David: Golang powers almost all of the cloud native DevOps tooling of the work such as Kubernetes, Terraform, Packer, Docker, and many others. Learning how to leverage Golang to achieve DevOps goals from John and my contrasting but coherent perspectives of both bespoke systems tooling and high-level application extension and integration will empower readers to understand to how build tooling from scratch while also being able to extend tooling to serve a broad range of task. This book broad in scope and provides deep insight into how to solve real-world problems.
Q: What advice would you give to readers learning tech? Do you have any top tips?
David: You’re going to have sticking points. Some days you are going to have a tough time getting your code to compile and your tests to pass. Find solace in the fact that we all have those day, John and I included. All we can do is consistently apply ourselves to try to improve each day, and humbly help other around us to do the same.
Q. What are the key takeaways you want readers to come away from the book with?
David: You can build tooling from first principles with Golang, but you can also stand on the shoulders of open-source giants extending other project to solve complex infrastructure and automation challenges.
Q. Do you have a blog that readers can follow?
Q. Can you share any blogs, websites and forums to help readers gain a holistic view of the tech they are learning?
Q. How would you describe your author journey with Packt? Would you recommend Packt to aspiring authors?
David: Packt has been a great partner. Being that this was our first book, we entered into what was a marathon with little preparation. If you know what it’s like to run a marathon, it usually entails quite a bit of preparation. Thankfully, the team at Packt guided us along the way, and helped us to reach our goals through encouragement, applied structure, and the occasional gentle nudge. If you are thinking about writing a book, you will be in good hands with these folks.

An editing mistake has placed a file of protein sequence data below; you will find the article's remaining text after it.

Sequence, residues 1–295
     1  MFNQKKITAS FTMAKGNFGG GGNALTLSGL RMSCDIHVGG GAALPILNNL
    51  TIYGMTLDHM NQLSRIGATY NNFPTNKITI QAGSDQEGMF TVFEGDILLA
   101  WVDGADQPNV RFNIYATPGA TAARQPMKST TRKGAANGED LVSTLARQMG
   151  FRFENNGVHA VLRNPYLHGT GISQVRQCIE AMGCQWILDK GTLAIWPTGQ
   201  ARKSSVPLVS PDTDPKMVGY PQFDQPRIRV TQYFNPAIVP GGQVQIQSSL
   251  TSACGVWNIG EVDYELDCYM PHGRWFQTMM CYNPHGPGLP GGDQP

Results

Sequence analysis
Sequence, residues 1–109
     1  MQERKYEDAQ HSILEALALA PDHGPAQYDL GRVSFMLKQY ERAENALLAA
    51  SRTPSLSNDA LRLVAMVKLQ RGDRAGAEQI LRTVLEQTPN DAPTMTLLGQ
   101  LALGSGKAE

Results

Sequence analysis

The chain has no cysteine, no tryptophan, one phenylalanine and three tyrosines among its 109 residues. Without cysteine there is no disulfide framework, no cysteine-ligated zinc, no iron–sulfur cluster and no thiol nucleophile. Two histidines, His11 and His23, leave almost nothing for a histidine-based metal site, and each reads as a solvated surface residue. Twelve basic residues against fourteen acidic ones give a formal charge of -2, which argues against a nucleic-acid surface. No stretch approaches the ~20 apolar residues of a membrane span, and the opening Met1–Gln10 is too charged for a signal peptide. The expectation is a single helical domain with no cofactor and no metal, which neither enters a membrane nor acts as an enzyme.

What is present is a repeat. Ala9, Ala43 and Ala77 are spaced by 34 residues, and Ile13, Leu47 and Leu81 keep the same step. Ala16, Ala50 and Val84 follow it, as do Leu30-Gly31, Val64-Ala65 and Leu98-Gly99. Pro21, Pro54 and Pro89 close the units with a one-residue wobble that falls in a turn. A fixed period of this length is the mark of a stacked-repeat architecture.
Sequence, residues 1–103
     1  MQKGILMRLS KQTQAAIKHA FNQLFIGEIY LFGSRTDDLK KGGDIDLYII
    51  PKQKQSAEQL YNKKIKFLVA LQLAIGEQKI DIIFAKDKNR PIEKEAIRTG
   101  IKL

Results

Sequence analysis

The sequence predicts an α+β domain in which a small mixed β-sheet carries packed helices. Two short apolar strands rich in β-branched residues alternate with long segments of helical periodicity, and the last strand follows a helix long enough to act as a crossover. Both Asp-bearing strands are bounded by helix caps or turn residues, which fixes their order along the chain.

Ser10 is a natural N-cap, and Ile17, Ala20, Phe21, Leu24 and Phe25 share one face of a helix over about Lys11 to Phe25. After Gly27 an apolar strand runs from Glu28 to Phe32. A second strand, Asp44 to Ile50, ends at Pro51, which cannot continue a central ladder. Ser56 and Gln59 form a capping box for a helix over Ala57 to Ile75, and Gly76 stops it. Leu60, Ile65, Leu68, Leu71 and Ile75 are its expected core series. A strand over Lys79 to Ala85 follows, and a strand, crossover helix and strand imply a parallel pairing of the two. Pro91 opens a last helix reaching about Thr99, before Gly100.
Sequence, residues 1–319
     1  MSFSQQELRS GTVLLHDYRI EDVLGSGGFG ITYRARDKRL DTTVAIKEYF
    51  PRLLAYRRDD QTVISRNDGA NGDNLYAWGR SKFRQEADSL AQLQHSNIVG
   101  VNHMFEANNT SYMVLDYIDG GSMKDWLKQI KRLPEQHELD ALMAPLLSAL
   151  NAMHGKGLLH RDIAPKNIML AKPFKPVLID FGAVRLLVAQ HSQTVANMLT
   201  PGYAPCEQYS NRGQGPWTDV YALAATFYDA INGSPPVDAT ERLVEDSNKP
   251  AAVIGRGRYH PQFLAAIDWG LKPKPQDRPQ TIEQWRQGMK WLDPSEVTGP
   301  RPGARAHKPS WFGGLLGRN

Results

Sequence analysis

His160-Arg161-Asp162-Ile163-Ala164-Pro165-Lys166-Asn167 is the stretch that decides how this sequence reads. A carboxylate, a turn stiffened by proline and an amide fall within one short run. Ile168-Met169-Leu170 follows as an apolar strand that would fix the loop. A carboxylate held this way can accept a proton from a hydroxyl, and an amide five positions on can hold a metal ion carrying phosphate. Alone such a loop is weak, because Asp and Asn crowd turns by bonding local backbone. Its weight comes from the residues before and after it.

Q. How did you organize, plan, and prioritize your work and write the book?
David: We started out with an intro for the book we wanted to write mostly providing the reason for why we thought it would be impactful. After we felt like we had a solid premise for the book, we researched others in the space and built out a table of contents. The table of contents provided the majority of the content organization. Working with he Packt team we determined a schedule for content, and prioritized the most impactful content first, selecting the chapters we thought would be most interesting to a reader and the most complex to distill.
Q. What is that one writing tip that you found most crucial and would like to share with aspiring authors?
David: Manage your time effectively. Schedule time for you write daily, and do it. Even if you are going to throw away what you wrote, just get something down on the page. Blank pages find a way of staying blank longer than it takes to add one more word.
Q. What are your favourite tech journals?
David: Foundation and W3C
Q. Do you belong to any tech community groups?
David: Cloud Native Computing Foundation and W3C
You can find David’s book on Amazon by following this link: Please click here.